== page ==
4. Memorize the physical parts of your guitar. Remember every angle and functions built with it. Understand how they produce such sounds and how it turns out bad. You might think this isn’t vital. But fact is, this is one of the most important things you should remember when handling and playing an acoustic guitar.
5. Learn the basic chords first. Aside from that, learn the different ways to play those chords. Example, C has more than 6 different hand positions. This will add more flexibility on your hands when moving from one fret to another.
6. Master your chords by not looking at them every once in a while. Practice the muscles of your hand while talking to someone or listening to the radio. The purpose of multitasking is to help you avoid looking more often on your hands while playing. This is a good strategy for easier retention of the different chords and to make your hands familiarize itself with the different frets.
7. Practice at least 5 days a week for at least two to three hours. If you’re really itching to be on the pedestal, learn to be patient. Everyone has to start somewhere. And that somewhere is from the very basic. Apart from that, practicing daily entails proper body mechanics. Meaning you have to learn to position your body in a manner that won’t strain your muscles and body parts.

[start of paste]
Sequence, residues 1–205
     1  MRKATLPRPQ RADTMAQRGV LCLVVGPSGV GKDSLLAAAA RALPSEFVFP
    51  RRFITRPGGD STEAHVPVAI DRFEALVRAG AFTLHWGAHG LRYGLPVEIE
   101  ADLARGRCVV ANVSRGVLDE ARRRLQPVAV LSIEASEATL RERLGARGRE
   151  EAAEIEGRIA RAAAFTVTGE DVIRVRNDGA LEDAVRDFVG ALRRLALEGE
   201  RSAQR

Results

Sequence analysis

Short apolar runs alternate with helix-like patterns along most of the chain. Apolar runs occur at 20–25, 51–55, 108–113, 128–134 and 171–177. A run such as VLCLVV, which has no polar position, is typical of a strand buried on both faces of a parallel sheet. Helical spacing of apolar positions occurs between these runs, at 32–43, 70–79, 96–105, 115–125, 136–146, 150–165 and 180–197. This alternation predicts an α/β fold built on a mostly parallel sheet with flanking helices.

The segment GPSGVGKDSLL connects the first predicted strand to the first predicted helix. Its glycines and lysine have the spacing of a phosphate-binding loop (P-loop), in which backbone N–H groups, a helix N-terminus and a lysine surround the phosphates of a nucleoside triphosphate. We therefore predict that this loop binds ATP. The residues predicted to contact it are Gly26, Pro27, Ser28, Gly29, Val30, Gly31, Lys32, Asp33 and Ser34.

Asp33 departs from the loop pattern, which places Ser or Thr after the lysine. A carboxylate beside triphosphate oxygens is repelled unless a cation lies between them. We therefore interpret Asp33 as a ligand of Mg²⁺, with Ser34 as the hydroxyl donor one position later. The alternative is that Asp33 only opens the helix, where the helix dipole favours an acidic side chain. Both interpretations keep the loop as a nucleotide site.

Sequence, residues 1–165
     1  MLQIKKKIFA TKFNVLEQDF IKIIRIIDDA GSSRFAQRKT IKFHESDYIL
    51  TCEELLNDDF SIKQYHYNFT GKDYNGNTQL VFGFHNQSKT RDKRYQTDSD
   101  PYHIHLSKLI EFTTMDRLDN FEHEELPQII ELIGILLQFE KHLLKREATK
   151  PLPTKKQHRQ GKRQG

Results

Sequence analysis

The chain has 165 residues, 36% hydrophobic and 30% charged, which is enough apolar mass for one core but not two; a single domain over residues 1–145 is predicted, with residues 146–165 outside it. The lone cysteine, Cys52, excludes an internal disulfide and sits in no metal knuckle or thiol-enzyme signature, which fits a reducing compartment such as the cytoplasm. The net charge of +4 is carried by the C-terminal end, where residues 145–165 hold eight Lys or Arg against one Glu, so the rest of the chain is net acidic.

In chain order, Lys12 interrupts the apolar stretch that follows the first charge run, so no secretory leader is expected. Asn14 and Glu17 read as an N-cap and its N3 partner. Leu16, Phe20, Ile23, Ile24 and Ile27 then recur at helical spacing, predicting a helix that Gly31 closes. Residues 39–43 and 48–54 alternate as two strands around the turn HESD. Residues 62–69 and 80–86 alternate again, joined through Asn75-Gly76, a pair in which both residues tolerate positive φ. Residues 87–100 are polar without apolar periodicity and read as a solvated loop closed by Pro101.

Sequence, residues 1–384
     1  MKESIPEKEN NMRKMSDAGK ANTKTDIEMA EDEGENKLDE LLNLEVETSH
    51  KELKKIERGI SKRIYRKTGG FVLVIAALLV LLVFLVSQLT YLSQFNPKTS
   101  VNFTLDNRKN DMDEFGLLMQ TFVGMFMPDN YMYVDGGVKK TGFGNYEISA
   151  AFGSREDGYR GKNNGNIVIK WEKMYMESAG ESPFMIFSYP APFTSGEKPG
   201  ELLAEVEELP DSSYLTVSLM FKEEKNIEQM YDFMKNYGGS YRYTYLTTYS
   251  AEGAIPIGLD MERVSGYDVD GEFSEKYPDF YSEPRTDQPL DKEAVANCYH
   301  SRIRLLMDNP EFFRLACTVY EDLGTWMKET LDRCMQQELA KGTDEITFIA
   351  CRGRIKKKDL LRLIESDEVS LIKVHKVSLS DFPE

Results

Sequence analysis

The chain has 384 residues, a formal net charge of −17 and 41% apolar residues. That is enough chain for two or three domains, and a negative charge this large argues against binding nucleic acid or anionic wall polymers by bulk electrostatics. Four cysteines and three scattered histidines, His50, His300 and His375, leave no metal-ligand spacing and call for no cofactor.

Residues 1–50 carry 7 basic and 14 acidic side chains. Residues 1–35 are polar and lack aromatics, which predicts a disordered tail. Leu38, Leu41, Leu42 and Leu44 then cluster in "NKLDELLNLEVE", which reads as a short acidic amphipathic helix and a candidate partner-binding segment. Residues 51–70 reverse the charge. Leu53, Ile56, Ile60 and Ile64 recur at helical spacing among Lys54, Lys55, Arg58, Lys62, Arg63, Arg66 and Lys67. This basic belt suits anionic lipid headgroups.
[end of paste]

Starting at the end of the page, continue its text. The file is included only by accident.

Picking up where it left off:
8. Build up those callous on the tip of your fingers. This is painful, very. But as you go on with your lesson you’ll realize that calluses are with good use. Calluses make your fingers numb. Thus, making it easier for you to play.
9. Upon learning the easy part, put extra effort on learning the hard parts of the chords. Barre chords are considered the most difficult part of playing an acoustic guitar. Most beginners skip it. Word of advice, don’t.
10. Rest. Don’t exhaust yourself if you can no longer go on. Do it the next day. Remember, learning doesn’t have to be an obligation but a right. It has to be slow but accurate.